What We Learned at Prowein 2017 (Or, putting in some miles at the U.N. of Wine)

Dusseldorf hosts the world’s largest wine party each year, with 6,500 producers pouring for 58k+ wine and spirits buyers. We attended the event again this year, and Jeremy Benson and our Lyon colleague, Mathilde Chevalier, shared a few observations.

  • “Millennial Industry.” Richard Halstead, COO of Wine Intelligence, used this term to describe the frequent misuse of data by companies (inside and outside the wine industry) to support self-serving hypotheses about its influence. His presentation managed to simultaneously burst bubbles and lend real insight, pointing out behaviors that are very common across generations.
  • Putting in the miles: It’s hard to capture the scale of this event. Here are two fun facts. Buyers represented 130 out of the world’s 193 nations. And over the main two days of the event, we logged 16 miles walking. (Thank you, Fitbit!)
  • Ok, but what was different this year? Well, not much, frankly. The format, timing, and even the booth designs and placements in the halls were largely the same, which struck us as odd. Industry events need to evolve and adapt.
  • The Japanese food in Dusseldorf is superb. From complex to simple, we had a terrific dinner at fancy Nagomi with our friends from CIVL, and then delicious noodle bowls at a counter the next night. Dusseldorf has the third largest Japanese community in Europe (Wikipedia)
  • Tweets not a plenty. For an event of this size, the low Twitter activity was surprising, but we managed to capture a good shot of Stacey Dolan Capitani educating the world about Napa Valley wines.
  • Blue Wine: not a thing.

Bring your comfortable shoes to Prowein 2018, March 18-20, again in Dusseldorf.

A Toast to 2016

Like the vineyards in winter, we take a rest, closing the U.S. offices between Christmas and New Year’s Day. It’s a great time to take stock of the previous year, and recharge the batteries for the next one.

In early December we started assembling some stats on 2016 activities for our holiday card. The process itself was inspiring; documenting success should be on everyone’s list of motivators! Here’s what we came up with:

  • 29 digital campaigns
  • 841 news articles, 198 million impressions
  • 6 regional tours for press and trade
  • 92 trade seminars for 1,800+ professionals
  • 6 private sommelier events (pictured above)
  • 796 in-store tastings for 35,000 consumers
  • 185 new retail placements for one client, in one promotion

In 2016 we starting working with exciting new clients like Accolade Wines, Rutherford Wine Company, Frank Family Vineyards, Chimney Rock Winery, Sanford Winery, Famille Fabre, and Anvin, to name a few. We also welcomed new teammates Kamyn Asher, Erica Wong, Alisa Langer and Megan Helphand to our offices in Napa and New York.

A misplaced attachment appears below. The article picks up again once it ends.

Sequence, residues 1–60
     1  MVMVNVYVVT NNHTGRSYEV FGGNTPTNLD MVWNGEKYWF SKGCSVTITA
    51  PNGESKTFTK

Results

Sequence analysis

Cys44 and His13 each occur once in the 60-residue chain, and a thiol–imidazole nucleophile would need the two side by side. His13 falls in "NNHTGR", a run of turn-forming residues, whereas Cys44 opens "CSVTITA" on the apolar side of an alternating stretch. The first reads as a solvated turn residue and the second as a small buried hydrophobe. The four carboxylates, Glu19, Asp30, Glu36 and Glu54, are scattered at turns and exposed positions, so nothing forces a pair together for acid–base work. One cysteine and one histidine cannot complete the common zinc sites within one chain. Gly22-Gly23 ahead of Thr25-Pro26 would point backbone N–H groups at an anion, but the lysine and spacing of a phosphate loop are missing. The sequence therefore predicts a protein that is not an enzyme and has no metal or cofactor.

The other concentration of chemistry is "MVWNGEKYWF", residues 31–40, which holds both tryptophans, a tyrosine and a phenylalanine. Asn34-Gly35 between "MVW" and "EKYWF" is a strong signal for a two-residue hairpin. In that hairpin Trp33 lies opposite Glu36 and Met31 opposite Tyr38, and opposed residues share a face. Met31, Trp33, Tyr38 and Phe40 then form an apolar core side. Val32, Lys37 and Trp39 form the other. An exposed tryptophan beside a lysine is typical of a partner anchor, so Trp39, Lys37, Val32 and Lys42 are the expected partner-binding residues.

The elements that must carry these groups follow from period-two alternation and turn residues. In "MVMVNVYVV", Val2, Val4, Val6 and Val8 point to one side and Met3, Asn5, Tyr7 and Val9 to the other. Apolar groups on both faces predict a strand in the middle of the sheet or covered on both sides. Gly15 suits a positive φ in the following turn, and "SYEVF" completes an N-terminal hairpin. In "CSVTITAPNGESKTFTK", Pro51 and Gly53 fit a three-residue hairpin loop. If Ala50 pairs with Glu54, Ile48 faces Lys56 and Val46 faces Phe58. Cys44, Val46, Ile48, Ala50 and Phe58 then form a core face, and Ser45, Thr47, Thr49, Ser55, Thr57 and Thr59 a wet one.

What conclusions can we draw? 2016 was a fabulous year: energized teammates, successful promotions, new client challenges. And, some creative thinking: a week-long, California Pinot Noir road trip for an influential journalist; tasting events for New York editors at lifestyle magazines like Cosmo; an online promotion that went global; promotions that helped retailers and restaurateurs.

Our network and creativity brought clients and influencers together in new and bold ways. I’ll toast to that!

Behind the Scenes at Benson

Our homepage underscores an important point: our clients, and their stories, come first. But we thought it time to pull back the curtain and share what we do in our off hours.

prowein 2016

What we learned at Prowein 2016

French Directrice Jeanne Peron and President Jeremy Benson recently attended Prowein 2016 in Dusseldorf. They share a few observations from the largest wine trade fair below.

  1. Bigger than Texas. Prowein is now the world’s largest wine-focused trade fair with 55,000 attendees and 6,200 exhibitors (99% of which are wineries).
  2. Wineries Bring Their “A” Game: The larger wine companies had immense booths with tastings, offices, couches and lots of espresso for guests; the marketing investment is substantial. But the sheer number of booths by small and medium-sized wineries was also impressive. This isn’t just for the ‘big guys.’
  3. Virtual Reality Comes to Wine: Castel had a VR bike route through Paris; we’re not sure if it was effective branding, but it was fun.
  4. A 59 Nation Army (couldn’t hold us back): Fifty-nine nations were represented, and just one of the many buildings was home to upcoming wine regions in Slovenia, Turkey, Bulgaria and other Eastern European countries. There was wine from China, England, New York, South America…you name it.